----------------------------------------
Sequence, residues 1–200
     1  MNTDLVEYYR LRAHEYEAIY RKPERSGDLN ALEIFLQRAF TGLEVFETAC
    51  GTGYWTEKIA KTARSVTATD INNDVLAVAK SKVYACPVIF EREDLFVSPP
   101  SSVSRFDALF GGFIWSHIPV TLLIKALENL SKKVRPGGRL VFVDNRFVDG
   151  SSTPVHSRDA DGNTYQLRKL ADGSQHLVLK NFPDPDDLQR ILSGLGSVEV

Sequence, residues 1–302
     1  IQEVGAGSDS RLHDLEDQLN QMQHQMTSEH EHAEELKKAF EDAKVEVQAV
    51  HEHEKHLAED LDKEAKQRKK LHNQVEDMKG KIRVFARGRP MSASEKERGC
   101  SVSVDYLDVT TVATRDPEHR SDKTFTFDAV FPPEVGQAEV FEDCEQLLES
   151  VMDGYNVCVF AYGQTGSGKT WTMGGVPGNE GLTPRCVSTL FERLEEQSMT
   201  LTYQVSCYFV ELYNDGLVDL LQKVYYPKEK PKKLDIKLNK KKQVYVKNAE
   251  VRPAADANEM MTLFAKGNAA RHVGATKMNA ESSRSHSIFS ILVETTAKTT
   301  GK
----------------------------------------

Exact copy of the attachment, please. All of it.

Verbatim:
Sequence, residues 1–200
     1  MNTDLVEYYR LRAHEYEAIY RKPERSGDLN ALEIFLQRAF TGLEVFETAC
    51  GTGYWTEKIA KTARSVTATD INNDVLAVAK SKVYACPVIF EREDLFVSPP
   101  SSVSRFDALF GGFIWSHIPV TLLIKALENL SKKVRPGGRL VFVDNRFVDG
   151  SSTPVHSRDA DGNTYQLRKL ADGSQHLVLK NFPDPDDLQR ILSGLGSVEV

Sequence, residues 1–302
     1  IQEVGAGSDS RLHDLEDQLN QMQHQMTSEH EHAEELKKAF EDAKVEVQAV
    51  HEHEKHLAED LDKEAKQRKK LHNQVEDMKG KIRVFARGRP MSASEKERGC
   101  SVSVDYLDVT TVATRDPEHR SDKTFTFDAV FPPEVGQAEV FEDCEQLLES
   151  VMDGYNVCVF AYGQTGSGKT WTMGGVPGNE GLTPRCVSTL FERLEEQSMT
   201  LTYQVSCYFV ELYNDGLVDL LQKVYYPKEK PKKLDIKLNK KKQVYVKNAE
   251  VRPAADANEM MTLFAKGNAA RHVGATKMNA ESSRSHSIFS ILVETTAKTT
   301  GK